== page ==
The image is a culture of neurons that have been exposed to GDF10 and have grown more connections as a result. (Photo courtesy of UCLA)

The image is a culture of neurons that have been exposed to GDF10 and have grown more connections as a result. (Photo courtesy of UCLA)

Researchers have identified a particular molecule that they suggest may signal brain tissue to form new connections to compensate for damage and to undergo repair after a stroke.

This molecule, known as growth differentiation factor 10, or GDF10, previously had no known role in the adult brain, according to researchers at University of California Los Angeles (UCLA), who performed the study on brain tissue from mice, monkeys, and humans.

“The brain has a limited capacity for recovery after stroke,” says S. Thomas Carmichael, MD, PhD, the study’s senior author, in a media release from University of California – Los Angeles Health Sciences.

“Most stroke patients get better after their initial stroke, but few fully recover. If the signals that lead to this limited recovery after stroke can be identified and turned into a treatment, then it might be possible to enhance brain repair after stroke,” adds Carmichael, professor and vice chair for research and programs in the UCLA department of neurology.

The study appears in a recent edition of the journal Nature Neuroscience.

In the 5-year study, Carmichael and his research team began by determining which molecules become more prevalent in the brain during the recovery period after a stroke, and listing all of the genes that are up- or down-regulated.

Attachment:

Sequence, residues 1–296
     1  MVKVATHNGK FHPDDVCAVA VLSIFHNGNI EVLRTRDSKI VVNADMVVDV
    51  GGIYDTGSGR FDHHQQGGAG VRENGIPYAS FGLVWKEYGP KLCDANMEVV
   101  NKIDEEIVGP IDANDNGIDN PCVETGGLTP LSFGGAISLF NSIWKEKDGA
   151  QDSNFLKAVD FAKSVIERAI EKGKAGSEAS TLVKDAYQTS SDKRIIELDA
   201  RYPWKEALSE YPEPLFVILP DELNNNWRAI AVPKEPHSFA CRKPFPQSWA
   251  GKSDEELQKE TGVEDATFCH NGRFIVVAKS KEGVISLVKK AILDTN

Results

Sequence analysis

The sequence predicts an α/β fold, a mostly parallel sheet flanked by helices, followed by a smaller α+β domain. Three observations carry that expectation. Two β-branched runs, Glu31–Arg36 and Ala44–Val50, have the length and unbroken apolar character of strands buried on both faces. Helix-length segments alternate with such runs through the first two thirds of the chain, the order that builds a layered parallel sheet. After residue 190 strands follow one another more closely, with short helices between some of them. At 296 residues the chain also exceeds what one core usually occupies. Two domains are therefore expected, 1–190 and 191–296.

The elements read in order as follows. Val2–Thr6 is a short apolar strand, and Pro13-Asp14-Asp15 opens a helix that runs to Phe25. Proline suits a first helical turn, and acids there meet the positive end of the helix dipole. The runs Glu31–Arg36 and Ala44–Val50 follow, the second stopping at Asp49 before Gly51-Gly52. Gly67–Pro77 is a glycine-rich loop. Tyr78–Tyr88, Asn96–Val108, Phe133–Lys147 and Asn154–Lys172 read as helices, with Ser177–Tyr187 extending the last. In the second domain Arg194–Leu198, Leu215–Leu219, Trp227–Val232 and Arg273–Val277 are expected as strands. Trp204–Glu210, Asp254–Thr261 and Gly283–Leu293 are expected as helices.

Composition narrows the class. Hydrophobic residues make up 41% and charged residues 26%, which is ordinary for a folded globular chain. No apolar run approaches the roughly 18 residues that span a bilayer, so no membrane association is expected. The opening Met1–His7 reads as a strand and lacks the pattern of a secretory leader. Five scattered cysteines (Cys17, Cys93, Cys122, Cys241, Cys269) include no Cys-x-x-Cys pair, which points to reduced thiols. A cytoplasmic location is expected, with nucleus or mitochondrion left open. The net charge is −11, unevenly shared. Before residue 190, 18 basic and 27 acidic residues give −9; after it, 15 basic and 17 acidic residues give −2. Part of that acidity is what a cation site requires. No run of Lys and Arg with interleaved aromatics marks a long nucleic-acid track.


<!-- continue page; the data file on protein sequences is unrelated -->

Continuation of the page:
According to Carmichael in the release, researchers believed that one of the molecules on the list could be a signal telling the brain to repair itself after a stroke, and they screened for the molecules that saw the biggest increase in the brain after stroke. After finding that GDF10 was a possible signal for brain repair, the team analyzed the molecule in a petri dish.

“We found that GDF10 induces new connections to form in the brain after stroke, and that this mediates the recovery of the ability to control bodily movement,” Carmichael states in the release.

Finally, the team identified all of the molecules that are turned on or off by GDF10 in brain cells after a stroke and compared the cells’ RNA to RNA in comparable cells during brain development and normal learning, and to RNA in the brain cells of people with other diseases.

They found that GDF10 regulates a unique collection of molecules that improves recovery after stroke, the release explains.

According to a media release from the National Institutes of Health, researchers also suggest that GDF10 may be important for functional recovery after stroke. The team treated mouse models of stroke with GDF10 and had the animals perform various motor tasks to test recovery. The results suggested that increasing levels of GDF10 were associated with significantly faster recovery after stroke. When the researchers blocked GDF10, the animals did not perform as well on the motor tasks, suggesting the repair mechanisms were impaired — and that the natural levels of GDF10 in the brain represent a signal for recovery.

The National Institute of Neurological Disorders and Stroke (NINDS), part of the National Institutes of Health, helped support the study, per the release.

“The results indicated that GDF10 normally is responsible for the very limited process of the formation of new connections after stroke,” Carmichael explains in the release from UCLA.

“Delivering more GDF10 markedly enhances the formation of new connections and does so mostly in a specific brain circuit. The formation of connections in this circuit with GDF10 administration significantly enhanced recovery of limb control after stroke,” he adds.

[Source(s): University of California – Los Angeles Health Sciences, National Institutes of Health, Science Daily]